Remains of Earth’s oldest lizard discovered in UK

(ORDO NEWS) — Scientists have discovered in the storerooms of the Natural History Museum in London previously unknown remains of an ancient lizard, whose age – about 202 million years – makes this find the oldest example of the existence of this group of reptiles.

The discovery of this fossil was a very important event for paleontology, as it pushes back the time of the appearance of the first true lizards by almost 30 million years ago, from the middle of the Jurassic period to the end of the Triassic era.

At this time, the Earth‘s ecosystems were radically reorganized, which led to the appearance many currently existing groups of plants and animals,” said Professor of the University of Bristol (UK) Michael Benton, whose words are quoted by the press service of the university.

According to the current ideas of paleontologists, the first lepidosaurs, a large group of reptiles, which include modern lizards, chameleons and monitor lizards, appeared on Earth in the middle of the Jurassic period, about 180-170 million years ago.

Scientists have long been interested in when the ancestors of lepidosaurs and dinosaurs split, and why the latter began to dominate the planet, while the former reached a much smaller size in the Mesozoic era.

Professor Benton and his colleagues unexpectedly found that lizards appeared on Earth much earlier than paleontologists thought.

They made the discovery while examining fossils from the late Triassic era, which were stored in the vaults of various museums in the UK, including the Natural History Museum in London, one of the oldest institutions of its kind in the world.

Earth’s oldest lizard

In the course of cataloging these fossils, scientists came across a box of ancient reptile bones that the curators of the Natural History Museum in London classified as so-called cleosaurs, ancient beak-headed reptiles that were not closely related to either dinosaurs or lepidosaurs.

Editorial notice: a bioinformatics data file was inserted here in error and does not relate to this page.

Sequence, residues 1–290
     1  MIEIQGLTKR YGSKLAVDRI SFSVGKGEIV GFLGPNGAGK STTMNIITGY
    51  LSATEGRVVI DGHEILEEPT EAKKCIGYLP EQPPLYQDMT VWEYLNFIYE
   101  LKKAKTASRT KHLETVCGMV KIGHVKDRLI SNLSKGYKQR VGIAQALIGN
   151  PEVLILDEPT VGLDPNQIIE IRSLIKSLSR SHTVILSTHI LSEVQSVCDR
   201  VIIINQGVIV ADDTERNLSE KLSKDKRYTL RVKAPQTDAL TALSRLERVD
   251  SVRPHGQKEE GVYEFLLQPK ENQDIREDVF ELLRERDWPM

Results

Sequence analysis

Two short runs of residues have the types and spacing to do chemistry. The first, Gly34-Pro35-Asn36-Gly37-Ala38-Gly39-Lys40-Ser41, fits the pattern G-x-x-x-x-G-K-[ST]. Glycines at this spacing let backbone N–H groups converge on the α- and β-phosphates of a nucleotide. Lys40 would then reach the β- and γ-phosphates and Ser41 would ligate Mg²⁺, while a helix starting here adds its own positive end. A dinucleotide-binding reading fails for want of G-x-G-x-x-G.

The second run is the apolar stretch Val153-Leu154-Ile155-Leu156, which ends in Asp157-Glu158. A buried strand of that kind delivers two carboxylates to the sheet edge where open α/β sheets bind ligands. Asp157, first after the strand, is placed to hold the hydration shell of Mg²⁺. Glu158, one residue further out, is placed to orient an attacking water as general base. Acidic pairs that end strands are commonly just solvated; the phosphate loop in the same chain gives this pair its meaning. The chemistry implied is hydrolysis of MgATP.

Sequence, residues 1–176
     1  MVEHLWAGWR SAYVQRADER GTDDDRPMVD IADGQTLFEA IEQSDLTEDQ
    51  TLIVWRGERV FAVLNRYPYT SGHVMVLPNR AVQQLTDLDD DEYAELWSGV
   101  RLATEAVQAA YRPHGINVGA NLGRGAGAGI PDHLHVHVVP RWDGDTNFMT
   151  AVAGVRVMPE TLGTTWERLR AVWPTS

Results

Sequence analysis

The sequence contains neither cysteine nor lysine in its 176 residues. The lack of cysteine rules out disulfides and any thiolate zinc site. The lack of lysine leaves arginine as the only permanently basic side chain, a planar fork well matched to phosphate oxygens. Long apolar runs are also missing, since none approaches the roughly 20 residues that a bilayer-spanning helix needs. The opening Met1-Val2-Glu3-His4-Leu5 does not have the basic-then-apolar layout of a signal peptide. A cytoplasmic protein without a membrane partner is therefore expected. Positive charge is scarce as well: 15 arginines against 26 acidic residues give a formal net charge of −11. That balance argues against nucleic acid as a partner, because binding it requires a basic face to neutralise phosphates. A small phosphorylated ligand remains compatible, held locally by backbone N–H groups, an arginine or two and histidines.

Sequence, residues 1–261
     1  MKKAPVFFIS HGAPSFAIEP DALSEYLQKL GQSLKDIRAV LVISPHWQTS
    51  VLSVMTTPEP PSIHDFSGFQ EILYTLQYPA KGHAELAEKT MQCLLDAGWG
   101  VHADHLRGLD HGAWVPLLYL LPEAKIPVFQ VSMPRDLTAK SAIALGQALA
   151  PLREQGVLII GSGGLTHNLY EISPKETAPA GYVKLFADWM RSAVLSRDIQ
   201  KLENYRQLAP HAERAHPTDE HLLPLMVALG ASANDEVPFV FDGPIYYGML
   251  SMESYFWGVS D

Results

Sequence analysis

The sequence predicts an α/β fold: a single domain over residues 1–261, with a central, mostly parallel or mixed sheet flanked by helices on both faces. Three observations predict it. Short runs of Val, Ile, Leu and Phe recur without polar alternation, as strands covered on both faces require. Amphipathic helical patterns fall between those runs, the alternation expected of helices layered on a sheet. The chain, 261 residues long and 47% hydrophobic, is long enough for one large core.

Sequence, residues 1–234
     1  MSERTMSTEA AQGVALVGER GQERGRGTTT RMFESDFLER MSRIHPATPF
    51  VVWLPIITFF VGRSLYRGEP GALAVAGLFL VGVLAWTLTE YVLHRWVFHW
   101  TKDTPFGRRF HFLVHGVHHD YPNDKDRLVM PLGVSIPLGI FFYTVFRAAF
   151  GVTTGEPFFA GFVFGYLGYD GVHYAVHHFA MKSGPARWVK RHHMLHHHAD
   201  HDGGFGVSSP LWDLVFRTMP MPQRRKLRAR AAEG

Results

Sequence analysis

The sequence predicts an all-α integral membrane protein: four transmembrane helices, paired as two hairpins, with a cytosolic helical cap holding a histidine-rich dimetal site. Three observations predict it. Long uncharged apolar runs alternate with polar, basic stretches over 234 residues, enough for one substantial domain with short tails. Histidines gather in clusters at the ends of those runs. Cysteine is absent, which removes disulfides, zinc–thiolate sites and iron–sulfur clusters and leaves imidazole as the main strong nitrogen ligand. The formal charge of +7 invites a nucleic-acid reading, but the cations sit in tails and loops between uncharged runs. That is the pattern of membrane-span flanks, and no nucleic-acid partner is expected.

The remains of kleosaurs were well studied in the past, so they did not attract the attention of scientists for more than 70 years.

When Professor Benton and his colleagues scanned several reptile skull fragments from the Natural History Museum in London using a CT scanner, they found that these reptiles were not actually klevosaurs. They were among the very ancient and primitive lepidosaurs that lived on Earth over 202 million years ago.

In particular, this is supported by some features of the structure of the vertebrae and the skull, as well as the presence in these reptiles of the so-called “middle upper tooth”, which is present in lizards, but absent in cleosaurs and other beak-headed reptiles.

Scientists named their find Cryptovaranoides microlanius, which means “hidden butcher dragon with small sharp teeth.”

According to the researchers, this name well reflects the history of the discovery of the oldest lizard of the Earth, as well as the fact that it was an active predator, capable of quickly catching other small animals.

As Professor Benton and his colleagues note, the discovery of Cryptovaranoides microlanius pushes back the time of the appearance of lizards by about 30 million years and indicates that their ancestors appeared almost simultaneously with the first dinosaurs and other reptiles.

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